Journaling is a great way to disconnect our emotional hot buttons. Some call this a post-mortem analysis because it happens after the event. The goal is to identify the distorted thinking that lead to our over-reaction, then challenge those thoughts. Below is a suggested journaling process. After a strong emotional reaction, write your answers to the following questions:
- What happened? Write down a brief account of the incident. This will remind you later which incident you wrote about as you review your notes.
- On a scale of 1-10, how big of deal was this? 1-10 is just an example. You get to choose the scale.
- On a scale of 1-10, how big was my reaction? After journaling about 4-5 incidents, you may notice a pattern that your reactions are almost always bigger than the situation called for.
- What feelings did I experience during this event? Feel free to look at a list of emotions if you need help naming what you feel. Answering this question each time helps you become faster at identifying your emotions.
- What beliefs do I hold that might have caused these feelings? Look for distorted thinking in these beliefs. Some common examples of distorted thinking can be found here.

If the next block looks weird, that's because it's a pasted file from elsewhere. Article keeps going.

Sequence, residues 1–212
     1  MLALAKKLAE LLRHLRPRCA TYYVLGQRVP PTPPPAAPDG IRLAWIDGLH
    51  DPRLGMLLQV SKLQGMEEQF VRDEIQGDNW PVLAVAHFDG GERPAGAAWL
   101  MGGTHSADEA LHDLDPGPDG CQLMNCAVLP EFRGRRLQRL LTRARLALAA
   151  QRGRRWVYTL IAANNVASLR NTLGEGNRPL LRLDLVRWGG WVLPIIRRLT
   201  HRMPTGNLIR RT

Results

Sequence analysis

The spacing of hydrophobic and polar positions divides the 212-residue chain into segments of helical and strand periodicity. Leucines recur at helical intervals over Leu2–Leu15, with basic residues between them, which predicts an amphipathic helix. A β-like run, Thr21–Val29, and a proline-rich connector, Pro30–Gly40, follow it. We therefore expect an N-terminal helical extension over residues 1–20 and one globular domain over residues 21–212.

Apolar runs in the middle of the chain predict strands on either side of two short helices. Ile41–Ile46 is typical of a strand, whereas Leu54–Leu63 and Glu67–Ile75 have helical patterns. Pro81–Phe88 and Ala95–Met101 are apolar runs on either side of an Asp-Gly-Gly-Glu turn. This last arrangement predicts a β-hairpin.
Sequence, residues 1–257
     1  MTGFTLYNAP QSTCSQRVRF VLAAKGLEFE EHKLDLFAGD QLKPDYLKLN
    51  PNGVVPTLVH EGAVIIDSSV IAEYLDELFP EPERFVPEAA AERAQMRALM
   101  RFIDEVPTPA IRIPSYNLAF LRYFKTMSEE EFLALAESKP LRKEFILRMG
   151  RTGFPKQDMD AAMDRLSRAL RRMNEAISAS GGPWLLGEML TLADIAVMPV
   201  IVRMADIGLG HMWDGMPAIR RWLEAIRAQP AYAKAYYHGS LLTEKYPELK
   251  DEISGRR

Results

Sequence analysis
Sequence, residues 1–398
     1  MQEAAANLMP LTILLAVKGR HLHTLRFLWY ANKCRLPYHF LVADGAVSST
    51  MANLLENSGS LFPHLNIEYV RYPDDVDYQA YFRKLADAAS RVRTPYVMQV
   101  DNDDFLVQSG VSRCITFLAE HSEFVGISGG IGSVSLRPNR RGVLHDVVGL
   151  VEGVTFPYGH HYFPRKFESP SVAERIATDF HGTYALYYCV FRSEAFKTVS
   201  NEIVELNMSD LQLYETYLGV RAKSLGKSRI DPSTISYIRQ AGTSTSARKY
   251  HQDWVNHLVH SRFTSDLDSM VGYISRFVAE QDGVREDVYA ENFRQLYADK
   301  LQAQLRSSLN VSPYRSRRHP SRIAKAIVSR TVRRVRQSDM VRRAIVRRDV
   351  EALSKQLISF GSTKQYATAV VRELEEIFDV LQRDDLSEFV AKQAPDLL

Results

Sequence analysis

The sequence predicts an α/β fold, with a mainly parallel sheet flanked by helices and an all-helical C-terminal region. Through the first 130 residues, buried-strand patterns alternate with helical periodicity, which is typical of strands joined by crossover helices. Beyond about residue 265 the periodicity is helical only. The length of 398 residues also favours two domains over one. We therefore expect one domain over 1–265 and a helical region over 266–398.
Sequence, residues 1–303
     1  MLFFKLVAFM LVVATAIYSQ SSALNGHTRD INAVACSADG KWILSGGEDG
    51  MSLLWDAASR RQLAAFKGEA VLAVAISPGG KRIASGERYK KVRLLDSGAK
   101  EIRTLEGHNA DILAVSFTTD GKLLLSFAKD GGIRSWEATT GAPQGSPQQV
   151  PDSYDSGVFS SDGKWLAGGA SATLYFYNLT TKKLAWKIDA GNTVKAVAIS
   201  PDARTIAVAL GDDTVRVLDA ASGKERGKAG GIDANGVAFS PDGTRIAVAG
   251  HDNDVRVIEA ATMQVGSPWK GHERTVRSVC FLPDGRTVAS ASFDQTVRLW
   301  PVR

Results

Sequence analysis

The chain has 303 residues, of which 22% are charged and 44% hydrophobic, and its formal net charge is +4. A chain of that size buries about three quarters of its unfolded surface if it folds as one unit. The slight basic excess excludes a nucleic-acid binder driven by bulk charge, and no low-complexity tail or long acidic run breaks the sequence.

- What challenges can I make to these beliefs? Once you identify distorted thinking that may be causing your bad reactions, challenge those beliefs. Follow this link for examples.
- If this involved another person, what might have been going on with them to cause them to act as they did? Try to imagine a scenario where the person had very different intentions than what it was you reacted to. Think about explanations – not excuses – for their behavior. As you put yourself in their shoes, does your compassion for them grow?
- How could I respond to this situation differently if I had it to do all over again? Think about the outcome you want and how are you most likely get it. Use our Different Endings Simulator to practice responses in a low-pressure situation.
Here’s a sample journal entry: my_journal
Journaling after the fact does not change the outcome of anything that’s already happened. However, it does help us identify the distorted thinking that leads to strong, even violent reactions. It therefore helps us respond differently the next time we find ourselves in a similar situation.